1. My doctor handed me a written prescription at my office visit. Where can I get it filled?
Your prescription can be filled by the pharmacy of your choice. You will want to verify that this pharmacy accepts your personal insurance coverage.
2. How long will it take to get a new prescription filled?
That depends on the pharmacy that is taking care of you. You can ask them how long it usually takes. Generally, it will take up to 72 hours to get a new prescription filled.
3. When should I request a refill for my medication?
If you take medication on a regular basis, note your usage and call for a refill about a week before you will run out. DO NOT wait until the day before you need a refill, as the process may take as long as a week to complete.
4. How often are refills handled at this office?
Call your pharmacy (not your doctor) at least one week before you run out of your medication. State that you need a refill. Your pharmacy will then call this office and leave a request for the refill. The refill request will be appropriately reviewed for authorization. If any questions or problems arise in this process, you will receive a call, either from the doctor or the pharmacist.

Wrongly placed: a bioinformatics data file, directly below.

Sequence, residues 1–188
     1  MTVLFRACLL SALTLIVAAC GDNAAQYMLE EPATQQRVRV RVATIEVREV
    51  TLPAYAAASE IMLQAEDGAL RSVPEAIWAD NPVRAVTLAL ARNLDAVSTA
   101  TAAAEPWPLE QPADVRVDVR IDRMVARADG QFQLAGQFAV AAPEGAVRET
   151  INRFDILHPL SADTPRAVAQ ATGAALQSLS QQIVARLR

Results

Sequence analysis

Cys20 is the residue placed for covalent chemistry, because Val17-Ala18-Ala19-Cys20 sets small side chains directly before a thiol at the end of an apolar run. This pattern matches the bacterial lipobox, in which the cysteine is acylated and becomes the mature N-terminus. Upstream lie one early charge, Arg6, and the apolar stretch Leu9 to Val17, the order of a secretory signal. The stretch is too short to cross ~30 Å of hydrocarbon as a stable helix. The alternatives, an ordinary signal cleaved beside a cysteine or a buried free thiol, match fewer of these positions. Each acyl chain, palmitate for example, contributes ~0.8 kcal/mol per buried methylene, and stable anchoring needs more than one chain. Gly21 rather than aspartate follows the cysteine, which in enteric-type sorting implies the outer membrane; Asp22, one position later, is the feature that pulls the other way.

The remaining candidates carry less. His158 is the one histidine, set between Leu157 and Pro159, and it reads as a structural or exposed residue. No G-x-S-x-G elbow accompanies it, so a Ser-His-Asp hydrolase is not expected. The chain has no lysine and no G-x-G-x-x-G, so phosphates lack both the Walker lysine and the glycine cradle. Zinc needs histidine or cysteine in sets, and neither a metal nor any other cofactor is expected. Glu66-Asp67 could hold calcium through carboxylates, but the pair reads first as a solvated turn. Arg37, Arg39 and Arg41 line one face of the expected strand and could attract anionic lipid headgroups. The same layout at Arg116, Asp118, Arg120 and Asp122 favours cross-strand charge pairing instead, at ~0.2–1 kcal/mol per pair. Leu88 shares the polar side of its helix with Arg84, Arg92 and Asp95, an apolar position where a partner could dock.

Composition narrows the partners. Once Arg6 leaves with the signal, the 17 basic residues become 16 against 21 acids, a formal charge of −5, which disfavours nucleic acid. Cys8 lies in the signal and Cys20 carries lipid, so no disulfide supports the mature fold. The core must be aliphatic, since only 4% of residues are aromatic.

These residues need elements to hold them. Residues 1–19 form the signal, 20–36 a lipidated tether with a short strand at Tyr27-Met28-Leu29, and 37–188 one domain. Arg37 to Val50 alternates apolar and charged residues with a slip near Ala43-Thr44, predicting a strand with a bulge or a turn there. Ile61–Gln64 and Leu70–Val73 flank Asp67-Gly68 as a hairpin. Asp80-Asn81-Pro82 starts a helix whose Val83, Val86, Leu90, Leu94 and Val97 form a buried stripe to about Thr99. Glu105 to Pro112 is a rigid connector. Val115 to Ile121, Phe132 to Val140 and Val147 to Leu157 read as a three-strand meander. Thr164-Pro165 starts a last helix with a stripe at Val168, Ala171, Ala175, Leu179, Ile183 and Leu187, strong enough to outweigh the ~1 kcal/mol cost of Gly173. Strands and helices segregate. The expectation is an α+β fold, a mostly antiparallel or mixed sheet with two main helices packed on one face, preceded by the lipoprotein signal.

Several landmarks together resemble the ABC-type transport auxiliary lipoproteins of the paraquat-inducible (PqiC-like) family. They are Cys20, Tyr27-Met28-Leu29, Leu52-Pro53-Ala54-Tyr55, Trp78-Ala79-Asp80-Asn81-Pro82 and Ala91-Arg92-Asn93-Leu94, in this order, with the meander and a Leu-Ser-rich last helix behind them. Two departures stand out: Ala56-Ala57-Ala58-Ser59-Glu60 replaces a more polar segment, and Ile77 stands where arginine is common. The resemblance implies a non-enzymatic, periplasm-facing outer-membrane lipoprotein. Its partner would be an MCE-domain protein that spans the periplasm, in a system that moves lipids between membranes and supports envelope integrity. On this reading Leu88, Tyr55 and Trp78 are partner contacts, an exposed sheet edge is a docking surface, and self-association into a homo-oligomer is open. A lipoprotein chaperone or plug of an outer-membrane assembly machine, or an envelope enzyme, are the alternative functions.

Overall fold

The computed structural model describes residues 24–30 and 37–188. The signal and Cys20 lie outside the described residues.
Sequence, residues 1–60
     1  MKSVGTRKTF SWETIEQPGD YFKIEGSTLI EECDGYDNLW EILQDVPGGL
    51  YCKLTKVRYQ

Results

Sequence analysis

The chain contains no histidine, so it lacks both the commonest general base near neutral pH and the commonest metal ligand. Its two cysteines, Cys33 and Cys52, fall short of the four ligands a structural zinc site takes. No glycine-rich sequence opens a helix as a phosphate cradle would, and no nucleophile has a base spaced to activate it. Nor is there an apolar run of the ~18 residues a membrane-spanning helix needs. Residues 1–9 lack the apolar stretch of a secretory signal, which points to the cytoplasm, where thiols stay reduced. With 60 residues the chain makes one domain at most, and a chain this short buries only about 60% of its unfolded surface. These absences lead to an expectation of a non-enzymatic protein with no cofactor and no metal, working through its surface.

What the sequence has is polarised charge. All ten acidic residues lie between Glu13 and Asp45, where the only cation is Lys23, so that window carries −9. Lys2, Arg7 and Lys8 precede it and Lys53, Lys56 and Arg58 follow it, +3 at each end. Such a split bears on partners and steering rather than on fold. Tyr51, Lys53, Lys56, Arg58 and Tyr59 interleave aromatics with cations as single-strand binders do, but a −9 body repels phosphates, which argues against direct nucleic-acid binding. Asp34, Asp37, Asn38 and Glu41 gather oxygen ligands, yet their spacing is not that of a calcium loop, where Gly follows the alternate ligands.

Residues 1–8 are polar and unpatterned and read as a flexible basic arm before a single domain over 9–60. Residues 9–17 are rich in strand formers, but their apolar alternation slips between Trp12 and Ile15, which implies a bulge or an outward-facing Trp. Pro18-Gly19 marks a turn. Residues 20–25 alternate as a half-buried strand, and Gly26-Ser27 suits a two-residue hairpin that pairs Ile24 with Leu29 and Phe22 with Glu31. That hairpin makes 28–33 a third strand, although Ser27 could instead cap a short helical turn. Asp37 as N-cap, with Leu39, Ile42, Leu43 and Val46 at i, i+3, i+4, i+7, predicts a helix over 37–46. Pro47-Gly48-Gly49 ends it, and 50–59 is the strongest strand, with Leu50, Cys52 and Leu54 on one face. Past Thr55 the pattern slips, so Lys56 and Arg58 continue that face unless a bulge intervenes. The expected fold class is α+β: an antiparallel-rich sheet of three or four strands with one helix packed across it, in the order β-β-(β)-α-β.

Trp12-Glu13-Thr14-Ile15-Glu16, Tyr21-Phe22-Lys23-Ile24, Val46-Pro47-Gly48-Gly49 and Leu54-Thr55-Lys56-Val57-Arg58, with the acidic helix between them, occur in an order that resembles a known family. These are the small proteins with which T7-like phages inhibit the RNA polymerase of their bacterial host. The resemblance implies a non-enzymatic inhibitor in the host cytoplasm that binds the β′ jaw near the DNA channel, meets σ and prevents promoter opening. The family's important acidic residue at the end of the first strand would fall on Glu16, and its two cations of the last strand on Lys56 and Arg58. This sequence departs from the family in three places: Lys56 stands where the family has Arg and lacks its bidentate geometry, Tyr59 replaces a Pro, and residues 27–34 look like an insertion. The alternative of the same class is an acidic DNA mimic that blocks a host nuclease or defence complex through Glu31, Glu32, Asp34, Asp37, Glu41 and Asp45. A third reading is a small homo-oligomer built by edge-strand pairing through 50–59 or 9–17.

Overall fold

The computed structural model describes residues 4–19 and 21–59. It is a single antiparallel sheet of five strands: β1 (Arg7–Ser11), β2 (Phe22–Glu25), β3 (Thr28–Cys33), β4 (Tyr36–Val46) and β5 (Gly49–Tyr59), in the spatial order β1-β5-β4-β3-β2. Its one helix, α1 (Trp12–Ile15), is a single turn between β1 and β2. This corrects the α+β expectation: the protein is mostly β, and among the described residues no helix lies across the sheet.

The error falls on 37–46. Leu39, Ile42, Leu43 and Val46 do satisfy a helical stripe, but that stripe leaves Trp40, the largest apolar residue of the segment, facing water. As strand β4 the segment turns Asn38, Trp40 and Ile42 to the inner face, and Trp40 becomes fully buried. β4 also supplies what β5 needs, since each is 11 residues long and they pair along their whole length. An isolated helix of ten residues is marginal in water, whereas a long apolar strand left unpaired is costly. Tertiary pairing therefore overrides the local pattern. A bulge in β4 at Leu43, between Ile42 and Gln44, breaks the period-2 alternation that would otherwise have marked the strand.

5. I had a medicine years ago that helped me and I think I need it again. How can I get a prescription filled?
You will probably need to see your doctor to get any prescription filled. Exceptions occur, but they are rare.
6. Do you handle mail order prescriptions?
Some insurance companies offer substantial savings if you order through the mail. You will need a written prescription from this office. Once it is written, it can be mailed to you or you can pick it up. Then use the envelope and form provided by the insurance company to fill the prescription by mail. We prefer you request these at your office visit to save you time in waiting for return mail or making an extra trip. You especially need to plan ahead for the longer turnaround time for mail orders.
7. Why was my medication changed or denied?
Many health insurance companies are using a drug formulary. A formulary is a comprehensive list of medications that are preferred by the health plan. A formulary helps the health plan control prescriptions drug costs by encouraging the use of generic drugs, or less expensive name-brand medications.
If the medication prescribed by your physician is not on your health plan formulary, you have several options. You or your pharmacist can ask the physician to change your prescription. If you can afford the expense, you can always pay cash for the medication. We would not advise going without the medication unless approved by your physician.